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Investment trusts 101 - understanding performance over time

How can investors measure a company's performance against the wider sector?

Investment trusts 101 - understanding performance over time

To understand whether a fund manager is doing a good job, there are several technical tools that investors (and trust boards) swear by.

First, investors can look at the trust’s performance compared to the wider sector: the relative return.

While the absolute return simply indicates whether a company has provided returns over a certain period, the relative return observes it in relation to a benchmark, typically an index of like funds

Asset managers who measure their performance in terms of an absolute return tend to have a short-term outlook, while managers focusing on relative returns usually rely on long-lasting market trends, according to analysts.

Trusts don’t all pay the same level of dividends and when comparing two companies’ performance, it’s important to include them, otherwise a trust distributing more capital will seem to generate lower returns than others.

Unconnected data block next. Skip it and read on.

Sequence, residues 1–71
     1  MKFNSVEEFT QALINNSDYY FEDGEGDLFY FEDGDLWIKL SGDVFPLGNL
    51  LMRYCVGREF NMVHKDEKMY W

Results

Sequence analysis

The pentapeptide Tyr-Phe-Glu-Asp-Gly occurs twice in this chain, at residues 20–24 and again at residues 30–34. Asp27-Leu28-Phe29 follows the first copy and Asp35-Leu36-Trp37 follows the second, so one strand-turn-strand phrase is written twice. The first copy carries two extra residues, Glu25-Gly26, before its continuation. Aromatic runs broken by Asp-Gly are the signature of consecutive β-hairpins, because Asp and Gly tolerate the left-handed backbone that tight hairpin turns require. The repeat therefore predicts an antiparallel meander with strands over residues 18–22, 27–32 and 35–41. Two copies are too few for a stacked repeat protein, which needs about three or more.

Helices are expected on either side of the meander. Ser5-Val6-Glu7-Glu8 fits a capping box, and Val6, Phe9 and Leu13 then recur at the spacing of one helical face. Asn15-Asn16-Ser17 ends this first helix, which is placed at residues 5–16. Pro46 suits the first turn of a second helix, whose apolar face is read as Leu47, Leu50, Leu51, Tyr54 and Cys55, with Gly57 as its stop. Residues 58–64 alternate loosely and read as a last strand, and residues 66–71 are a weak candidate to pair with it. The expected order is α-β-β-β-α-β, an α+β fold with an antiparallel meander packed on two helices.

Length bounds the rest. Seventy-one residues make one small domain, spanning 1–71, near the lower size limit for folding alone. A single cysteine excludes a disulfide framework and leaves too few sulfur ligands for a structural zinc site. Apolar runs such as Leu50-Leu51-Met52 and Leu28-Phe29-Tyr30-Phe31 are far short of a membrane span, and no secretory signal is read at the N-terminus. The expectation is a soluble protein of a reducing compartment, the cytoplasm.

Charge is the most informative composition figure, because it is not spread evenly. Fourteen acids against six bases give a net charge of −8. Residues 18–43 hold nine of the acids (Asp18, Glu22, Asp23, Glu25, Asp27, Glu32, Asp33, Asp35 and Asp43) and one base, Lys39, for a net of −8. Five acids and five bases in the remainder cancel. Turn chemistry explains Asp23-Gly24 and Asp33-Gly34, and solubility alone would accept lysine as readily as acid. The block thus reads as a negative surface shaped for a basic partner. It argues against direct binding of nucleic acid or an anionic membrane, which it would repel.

NAV performance

Another helpful benchmark for investors is the net asset value (NAV) total return performance, which shows how the NAV (underlying assets) per share has performed over a period of time, taking into account both capital returns and dividends paid to shareholders.

Share price performance

Ultimately, however, investment companies are judged by their share price performance and whether they are trading at a premium or a discount to NAV.

The average industry discount has narrowed considerably in the past ten years: from 11% between 2000 and 2010 to 1.9% at the end of January. 

According to the AIC, that narrowing reflects investment trusts focusing on income-generating assets.

However, the coronavirus crisis has shaken market confidence.

At the end of January, 29% of investment companies were trading at premiums, falling to only 18% at the end of February and 13% on 26 March.

“During the past few weeks, discounts have occasionally been at levels seen in the global financial crisis, but they have also been extremely volatile, as has the wider market,” Nick Britton, head of intermediary communications at the AIC, told Proactive.

“Investors should take the long view and remember that discounts offer opportunities as well as risks.”

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